Thursday, 8 December 2016

Choosing the right BTO flat

“Honey, let’s invest and buy the BIGGEST BTO flat in the MOST CENTRAL location so that we can sell it off for a huge profit next time!”


Does this sound familiar? Indeed, this is the mindset of many Singaporean couples, who believe that buying and selling property is a sure way to make them rich.

While BTOs are indeed one of the cheapest housing options around, biting off more than you can chew is potentially financial suicide.

Since I’m getting married next year, N and I have started looking at housing options. This post is about what we learnt about BTO flats when considering whether to get one for ourselves.



How much do BTO flats actually cost?

According to HDB, 80% of BTO flat buyers in 2015 can service their home loans fully from CPF. This means that they are not paying a single cent cash for their monthly instalment!

But as we all saw earlier this year, sale prices of BTO flats in Bidadari were NOT CHEAP. The selling price of a 4-room flat was $480,000! A 5-room flat was even more expensive, at $590,000!

So how did those buyers do it? What are the secrets to getting an affordable BTO flat? Here’s how!

The secret to getting a cheap BTO flat

Tip #1: Go for a non-mature estate

The reason why Bidadari BTO flats are so expensive (by normal BTO standards) is simply because it is located in a mature estate (Toa Payoh).

Similarly, if you look at the recent Ang Mo Kio BTO launch this year, the prices were not very cheap either. That is because Ang Mo Kio is another prime mature estate.

And in the latest November BTO launch, 4-room flats in Kallang are going for $497,000, before grants and from $482,000, after grants.

Thus, if you want to get a BTO flat for a cheaper price, one trick is to go for non-mature estates. BTO flats are generally more affordable in non-mature estates and there is also less competition from other buyers, which improves your chances of getting a flat.

Another plus point is that you also have more choices in a non-mature estate. The Ang Mo Kio launch earlier, for instance, had no 3-room flats for couples to choose from.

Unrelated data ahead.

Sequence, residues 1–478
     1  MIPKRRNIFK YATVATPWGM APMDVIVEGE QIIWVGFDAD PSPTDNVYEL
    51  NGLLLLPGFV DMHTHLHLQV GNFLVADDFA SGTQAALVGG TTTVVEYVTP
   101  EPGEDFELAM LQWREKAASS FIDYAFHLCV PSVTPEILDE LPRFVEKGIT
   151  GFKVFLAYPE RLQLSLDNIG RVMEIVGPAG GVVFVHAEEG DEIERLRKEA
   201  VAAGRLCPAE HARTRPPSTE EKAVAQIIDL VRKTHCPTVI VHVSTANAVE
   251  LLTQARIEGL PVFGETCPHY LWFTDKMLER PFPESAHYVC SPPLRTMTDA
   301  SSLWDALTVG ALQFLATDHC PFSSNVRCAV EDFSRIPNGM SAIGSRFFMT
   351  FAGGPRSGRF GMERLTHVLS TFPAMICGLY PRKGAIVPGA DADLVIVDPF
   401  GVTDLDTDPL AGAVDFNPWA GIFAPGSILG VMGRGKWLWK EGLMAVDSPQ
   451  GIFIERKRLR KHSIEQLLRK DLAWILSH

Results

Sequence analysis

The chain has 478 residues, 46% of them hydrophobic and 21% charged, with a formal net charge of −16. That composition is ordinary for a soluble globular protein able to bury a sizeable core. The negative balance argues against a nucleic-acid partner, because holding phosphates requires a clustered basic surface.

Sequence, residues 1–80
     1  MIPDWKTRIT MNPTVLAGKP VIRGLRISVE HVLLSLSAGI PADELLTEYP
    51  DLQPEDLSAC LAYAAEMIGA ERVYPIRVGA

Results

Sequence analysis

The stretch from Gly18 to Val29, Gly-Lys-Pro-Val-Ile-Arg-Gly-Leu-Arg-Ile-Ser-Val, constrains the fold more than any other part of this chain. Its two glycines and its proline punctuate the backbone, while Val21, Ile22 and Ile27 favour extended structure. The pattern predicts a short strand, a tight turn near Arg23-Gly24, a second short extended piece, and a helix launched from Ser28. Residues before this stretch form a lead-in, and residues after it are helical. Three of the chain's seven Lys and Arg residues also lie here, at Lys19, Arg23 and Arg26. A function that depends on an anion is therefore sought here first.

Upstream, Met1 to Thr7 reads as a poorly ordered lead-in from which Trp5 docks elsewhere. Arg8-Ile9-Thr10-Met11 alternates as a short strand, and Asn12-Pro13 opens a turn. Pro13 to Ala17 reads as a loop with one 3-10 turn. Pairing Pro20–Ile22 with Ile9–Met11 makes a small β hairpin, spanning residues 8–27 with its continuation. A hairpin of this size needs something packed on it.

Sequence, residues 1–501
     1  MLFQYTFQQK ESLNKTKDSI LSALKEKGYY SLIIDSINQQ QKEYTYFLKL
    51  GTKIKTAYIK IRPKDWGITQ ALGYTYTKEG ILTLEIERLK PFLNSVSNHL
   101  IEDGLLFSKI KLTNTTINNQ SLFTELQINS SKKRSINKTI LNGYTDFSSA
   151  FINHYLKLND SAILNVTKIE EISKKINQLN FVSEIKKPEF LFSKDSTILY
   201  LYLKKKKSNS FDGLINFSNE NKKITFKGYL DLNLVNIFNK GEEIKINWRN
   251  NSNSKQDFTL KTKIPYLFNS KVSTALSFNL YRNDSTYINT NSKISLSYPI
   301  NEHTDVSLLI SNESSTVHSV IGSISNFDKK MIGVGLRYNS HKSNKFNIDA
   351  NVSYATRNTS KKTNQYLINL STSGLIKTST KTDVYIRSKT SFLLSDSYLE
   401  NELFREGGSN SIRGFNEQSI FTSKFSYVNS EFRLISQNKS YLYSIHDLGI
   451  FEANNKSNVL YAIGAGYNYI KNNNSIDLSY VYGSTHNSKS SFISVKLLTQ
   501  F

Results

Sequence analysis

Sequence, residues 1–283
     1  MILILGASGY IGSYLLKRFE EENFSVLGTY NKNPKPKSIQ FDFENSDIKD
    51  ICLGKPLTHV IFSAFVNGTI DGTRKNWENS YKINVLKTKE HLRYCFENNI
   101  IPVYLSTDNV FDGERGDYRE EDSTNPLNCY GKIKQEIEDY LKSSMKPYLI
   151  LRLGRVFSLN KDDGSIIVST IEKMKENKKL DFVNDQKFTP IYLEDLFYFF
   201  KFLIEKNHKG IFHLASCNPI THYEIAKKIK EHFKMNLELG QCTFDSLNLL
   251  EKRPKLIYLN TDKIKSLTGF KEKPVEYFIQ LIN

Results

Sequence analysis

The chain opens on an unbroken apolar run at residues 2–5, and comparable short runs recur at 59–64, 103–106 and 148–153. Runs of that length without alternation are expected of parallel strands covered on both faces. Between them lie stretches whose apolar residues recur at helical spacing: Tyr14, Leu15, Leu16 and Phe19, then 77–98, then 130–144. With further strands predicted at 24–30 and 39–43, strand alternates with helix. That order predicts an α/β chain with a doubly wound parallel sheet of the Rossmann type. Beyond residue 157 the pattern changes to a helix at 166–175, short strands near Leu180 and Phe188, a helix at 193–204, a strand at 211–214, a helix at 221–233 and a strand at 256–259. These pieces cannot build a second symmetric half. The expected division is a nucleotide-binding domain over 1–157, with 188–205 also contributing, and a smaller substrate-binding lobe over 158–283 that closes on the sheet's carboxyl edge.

“But it is so far! I will take forever to travel to work!”

That was my exact reaction too, but honestly, Singapore is small enough such that you can get to places pretty fast. And we are so well-connected that you are never too far away from town. Most importantly, non-mature estate these days are well equipped with all the amenities you need for your daily needs (shopping centre, hawker centre, food courts, cinema etc.), so there is no real need for you to travel far for almost anything! After you’ve lived in the U.S. like me, where travelling by car for 1 – 2 hours is deemed as “not too far away”, you’ll start to appreciate the size of our nation.

Tip #2: Choose the right flat size



Another trick is to choose the right flat size. While many want their homes to be as big as possible, you may need to moderate your expectations if you’re limited by your finances. Plus, do you really want to do all the extra cleaning and maintenance that comes with a bigger house?

For a young couple living on their own, a 3-room or 4-room flat is frankly good enough, even with 1 – 2 young children (N and I are looking at a 4-room flat only because his parents will be living with us as well). A 4-room flat also has the same number of bedrooms as a 5-room flat. The main difference is that a 5-room flat has an extra dining area, which I feel is pretty unnecessary since most of us eat while watching the TV anyway!

In any case, you can always upgrade later on to a bigger flat when your kids are older and need more space, or when you have saved up even more money.

Tip #3: Know your grants


If you are a first-time home buyer, you can get as much as $80,000 if you buy a BTO flat. Here’s how: